Jan 12 2016 12:30pm to Jan 12 2016 12:30pm

Haiti, Machine Learning, and Ankle Holsters: Reflections on the U.S. Treasury Department in the Late 1990s

with California Supreme Court Justice Mariano-Florentino Cuéllar

Tuesday, January 12, 2016 at 12:30 pm
Berkman Center for Internet & Society at Harvard University

In 1997, as a freshly-minted lawyer, Mariano-Florentino (Tino) Cuéllar joined the staff of the Treasury Department’s Office of Enforcement. Almost immediately, he was drawn into some of the fascinating issues that Treasury confronted at the time, from the regulation of electronic money to international policing and anti-corruption initiatives. In this talk, he’ll reflect on his years at Treasury and discuss some of the connections between the challenges he encountered at Treasury then and some of the dilemmas facing the world today.

About Justice Cuéllar

Justice Mariano-Florentino Cuéllar began serving on the California Supreme Court in January 2015.  His previous career was in public service, university administration, and legal academia, with a focus on administrative, criminal, and international law.  A full-time Stanford University faculty member from 2001 to 2015, he was the Stanley Morrison Professor of Law and Professor (by courtesy) of Political Science before joining the judiciary.  Cuéllar also was Director of Stanford's Freeman Spogli Institute for International Studies, Co-Director of the Institute's Center for International Security and Cooperation, and led university-wide initiatives on global poverty and on cybersecurity.  In the federal executive branch, he served as Special Assistant to the President for Justice and Regulatory Policy at the White House (2009-2010), Co-Chair of the Presidential Transition Task Force on Immigration (2008-2009), and Council Member of the U.S. Administrative Conference (2010-2015), among other positions.  Cuéllar is on the boards of the William and Flora Hewlett Foundation, the American Law Institute, and the American Bar Foundation, and leads the California judiciary's Language Access Implementation Task Force.  A life member of the Council on Foreign Relations, Cuéllar began his career after law school at the U.S. Treasury Department's Office of Enforcement, and clerked for Chief Judge Mary M. Schroeder of the U.S. Court of Appeals for the Ninth Circuit.  A naturalized U.S. citizen born in northern Mexico, he is a graduate of Calexico High School in California's Imperial Valley, Harvard, Stanford, and Yale Law School.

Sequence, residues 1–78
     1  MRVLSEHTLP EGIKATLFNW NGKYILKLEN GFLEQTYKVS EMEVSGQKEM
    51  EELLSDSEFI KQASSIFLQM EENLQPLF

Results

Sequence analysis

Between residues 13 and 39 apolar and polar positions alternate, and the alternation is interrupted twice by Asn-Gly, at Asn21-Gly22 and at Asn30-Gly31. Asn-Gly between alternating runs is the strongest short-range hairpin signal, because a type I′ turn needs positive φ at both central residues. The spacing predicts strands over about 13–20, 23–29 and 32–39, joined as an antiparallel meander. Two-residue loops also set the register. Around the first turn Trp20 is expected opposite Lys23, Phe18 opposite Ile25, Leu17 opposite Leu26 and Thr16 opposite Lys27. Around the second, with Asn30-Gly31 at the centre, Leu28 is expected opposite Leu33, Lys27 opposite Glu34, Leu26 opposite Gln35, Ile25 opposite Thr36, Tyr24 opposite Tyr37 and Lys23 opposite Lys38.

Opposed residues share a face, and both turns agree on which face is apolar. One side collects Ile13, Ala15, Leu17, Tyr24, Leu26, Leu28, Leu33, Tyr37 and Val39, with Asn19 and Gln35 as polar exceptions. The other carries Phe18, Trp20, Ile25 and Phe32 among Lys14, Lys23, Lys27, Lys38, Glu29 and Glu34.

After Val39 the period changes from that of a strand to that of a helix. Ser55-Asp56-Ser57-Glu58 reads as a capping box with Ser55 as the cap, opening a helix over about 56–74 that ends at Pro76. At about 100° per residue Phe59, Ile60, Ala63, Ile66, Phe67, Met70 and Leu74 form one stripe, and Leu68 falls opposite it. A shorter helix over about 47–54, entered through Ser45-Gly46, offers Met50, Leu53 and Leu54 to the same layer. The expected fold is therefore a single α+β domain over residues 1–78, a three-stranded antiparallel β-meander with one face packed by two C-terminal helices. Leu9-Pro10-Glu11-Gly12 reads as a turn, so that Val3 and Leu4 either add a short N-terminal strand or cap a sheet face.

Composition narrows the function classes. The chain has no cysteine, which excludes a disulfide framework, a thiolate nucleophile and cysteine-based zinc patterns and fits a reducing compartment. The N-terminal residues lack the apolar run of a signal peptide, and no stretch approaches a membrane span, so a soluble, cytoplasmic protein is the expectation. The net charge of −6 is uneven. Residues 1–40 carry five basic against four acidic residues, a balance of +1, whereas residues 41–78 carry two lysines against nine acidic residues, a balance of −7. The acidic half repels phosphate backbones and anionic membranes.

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Last updated date

May 17, 2016